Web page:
Schwann cell-axonal communication during axonal degeneration and regrowth


  • Dr Peter Arthur-Farraj

    University of Cambridge

Project summary

Peripheral nerves consist of two principal cellular components: nerve cells (neurons); and supporting cells (Schwann cells). If a nerve is damaged, Schwann cells transform into a specialised injury-specific cell type, called repair Schwann cells. These cells support the survival of damaged nerve cells and encourage nerve fibres (axons) to regrow, allowing the return of sensation and movement to the affected part of the body. Very little is currently known about the way repair Schwann cells bring about nerve repair, particularly which genes are important for their function. We also do not know the identity or origin of the signals that instruct Schwann cells to become repair cells.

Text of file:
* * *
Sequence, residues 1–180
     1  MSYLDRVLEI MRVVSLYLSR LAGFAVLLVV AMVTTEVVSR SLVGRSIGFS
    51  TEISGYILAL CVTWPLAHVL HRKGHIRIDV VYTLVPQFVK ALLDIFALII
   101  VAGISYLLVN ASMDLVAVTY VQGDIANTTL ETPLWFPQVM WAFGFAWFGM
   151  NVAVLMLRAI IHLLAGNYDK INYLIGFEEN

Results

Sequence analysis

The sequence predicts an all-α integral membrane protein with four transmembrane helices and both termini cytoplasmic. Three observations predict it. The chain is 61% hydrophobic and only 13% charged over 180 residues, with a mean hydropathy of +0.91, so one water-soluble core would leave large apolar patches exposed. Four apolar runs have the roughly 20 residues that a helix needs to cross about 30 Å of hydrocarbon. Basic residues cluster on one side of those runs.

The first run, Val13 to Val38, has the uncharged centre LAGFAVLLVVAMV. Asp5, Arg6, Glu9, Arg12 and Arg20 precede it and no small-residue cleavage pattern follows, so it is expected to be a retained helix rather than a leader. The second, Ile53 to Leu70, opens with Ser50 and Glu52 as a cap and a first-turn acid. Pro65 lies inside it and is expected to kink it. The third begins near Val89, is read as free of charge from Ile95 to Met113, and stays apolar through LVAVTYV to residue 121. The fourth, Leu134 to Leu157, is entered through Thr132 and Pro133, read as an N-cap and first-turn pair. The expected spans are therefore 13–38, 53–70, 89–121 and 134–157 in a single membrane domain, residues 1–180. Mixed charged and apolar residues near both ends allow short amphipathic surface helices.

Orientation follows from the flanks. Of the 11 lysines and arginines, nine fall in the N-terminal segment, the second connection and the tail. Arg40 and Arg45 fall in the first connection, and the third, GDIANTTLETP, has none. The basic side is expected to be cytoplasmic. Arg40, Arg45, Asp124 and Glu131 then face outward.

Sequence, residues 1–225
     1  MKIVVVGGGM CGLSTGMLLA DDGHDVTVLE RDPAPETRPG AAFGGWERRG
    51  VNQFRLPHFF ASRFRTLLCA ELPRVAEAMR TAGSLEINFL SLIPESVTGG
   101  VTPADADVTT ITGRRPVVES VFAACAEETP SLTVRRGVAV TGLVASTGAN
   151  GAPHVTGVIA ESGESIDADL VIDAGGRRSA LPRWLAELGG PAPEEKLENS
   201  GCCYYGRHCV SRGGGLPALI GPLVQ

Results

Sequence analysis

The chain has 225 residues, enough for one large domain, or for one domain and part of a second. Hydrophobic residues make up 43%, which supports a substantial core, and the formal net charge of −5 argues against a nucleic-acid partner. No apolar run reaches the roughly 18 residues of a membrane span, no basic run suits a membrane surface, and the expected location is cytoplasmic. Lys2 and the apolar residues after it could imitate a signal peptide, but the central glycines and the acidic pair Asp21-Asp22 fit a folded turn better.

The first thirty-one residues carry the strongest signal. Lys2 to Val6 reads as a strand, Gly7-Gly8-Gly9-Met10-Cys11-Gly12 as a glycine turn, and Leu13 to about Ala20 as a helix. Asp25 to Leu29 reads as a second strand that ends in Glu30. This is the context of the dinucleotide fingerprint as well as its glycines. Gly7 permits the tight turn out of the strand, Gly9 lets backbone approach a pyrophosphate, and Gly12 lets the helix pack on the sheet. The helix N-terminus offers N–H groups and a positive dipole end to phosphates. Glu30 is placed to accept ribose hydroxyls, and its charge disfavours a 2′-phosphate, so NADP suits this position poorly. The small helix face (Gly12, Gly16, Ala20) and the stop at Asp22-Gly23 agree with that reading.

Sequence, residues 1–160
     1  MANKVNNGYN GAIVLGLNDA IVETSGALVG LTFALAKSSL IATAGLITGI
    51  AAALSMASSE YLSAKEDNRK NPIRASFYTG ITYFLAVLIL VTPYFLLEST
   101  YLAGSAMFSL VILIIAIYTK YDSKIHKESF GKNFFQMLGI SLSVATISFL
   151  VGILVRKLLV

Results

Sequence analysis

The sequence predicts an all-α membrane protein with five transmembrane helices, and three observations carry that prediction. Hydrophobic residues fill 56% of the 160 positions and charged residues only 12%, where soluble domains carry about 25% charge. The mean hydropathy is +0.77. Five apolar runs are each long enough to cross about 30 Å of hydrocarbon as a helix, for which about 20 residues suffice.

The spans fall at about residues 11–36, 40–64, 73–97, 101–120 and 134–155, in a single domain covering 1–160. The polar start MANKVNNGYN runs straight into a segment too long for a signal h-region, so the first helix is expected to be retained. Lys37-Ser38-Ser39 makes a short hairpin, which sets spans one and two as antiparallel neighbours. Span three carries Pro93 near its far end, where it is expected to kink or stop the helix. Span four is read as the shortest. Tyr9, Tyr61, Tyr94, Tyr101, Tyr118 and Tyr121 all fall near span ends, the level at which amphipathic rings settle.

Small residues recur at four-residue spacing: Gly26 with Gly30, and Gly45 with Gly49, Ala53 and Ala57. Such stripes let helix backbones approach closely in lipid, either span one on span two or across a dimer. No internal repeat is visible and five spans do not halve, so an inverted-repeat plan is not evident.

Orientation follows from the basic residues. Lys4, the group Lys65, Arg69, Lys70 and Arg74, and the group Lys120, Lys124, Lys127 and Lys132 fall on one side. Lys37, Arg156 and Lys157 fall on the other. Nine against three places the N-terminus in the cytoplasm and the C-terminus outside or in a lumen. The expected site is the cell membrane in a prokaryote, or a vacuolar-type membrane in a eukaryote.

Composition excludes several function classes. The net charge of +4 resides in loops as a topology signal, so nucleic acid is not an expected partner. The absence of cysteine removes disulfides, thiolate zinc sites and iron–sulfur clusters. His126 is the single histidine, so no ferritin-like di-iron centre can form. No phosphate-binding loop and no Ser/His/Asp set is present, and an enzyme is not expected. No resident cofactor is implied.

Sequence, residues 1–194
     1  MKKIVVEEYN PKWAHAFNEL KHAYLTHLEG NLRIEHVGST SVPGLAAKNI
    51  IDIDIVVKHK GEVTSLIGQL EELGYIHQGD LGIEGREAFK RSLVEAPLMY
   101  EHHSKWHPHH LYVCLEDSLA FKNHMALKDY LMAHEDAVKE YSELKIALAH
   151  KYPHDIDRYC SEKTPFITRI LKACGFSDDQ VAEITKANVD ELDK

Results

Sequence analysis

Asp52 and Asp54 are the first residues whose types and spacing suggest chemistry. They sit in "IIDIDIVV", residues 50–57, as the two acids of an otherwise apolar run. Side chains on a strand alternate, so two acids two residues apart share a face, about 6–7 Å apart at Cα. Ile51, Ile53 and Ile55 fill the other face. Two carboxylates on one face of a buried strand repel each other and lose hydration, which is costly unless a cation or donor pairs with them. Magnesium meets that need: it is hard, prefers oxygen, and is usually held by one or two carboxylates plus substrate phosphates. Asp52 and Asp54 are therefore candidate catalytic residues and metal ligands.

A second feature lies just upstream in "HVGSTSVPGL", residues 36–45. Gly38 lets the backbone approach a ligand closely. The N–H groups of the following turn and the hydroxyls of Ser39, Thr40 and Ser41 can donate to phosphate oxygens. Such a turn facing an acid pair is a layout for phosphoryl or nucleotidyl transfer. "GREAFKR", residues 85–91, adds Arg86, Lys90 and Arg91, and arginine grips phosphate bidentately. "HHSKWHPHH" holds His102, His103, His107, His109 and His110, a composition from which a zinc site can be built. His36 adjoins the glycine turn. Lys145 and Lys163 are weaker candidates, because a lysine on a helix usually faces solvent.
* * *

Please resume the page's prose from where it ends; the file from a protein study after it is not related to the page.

I aim to define the function of several genes that are likely to be important for repair Schwann cell function and nerve regeneration. I will also identify signals released from injured axons that can instruct the transformation of Schwann cells into repair Schwann cells. 

Identification of new signalling molecules that regulate nerve repair will generate targets for drugs that could improve human nerve regeneration and provide novel therapies for patients with diseases that affect nerves.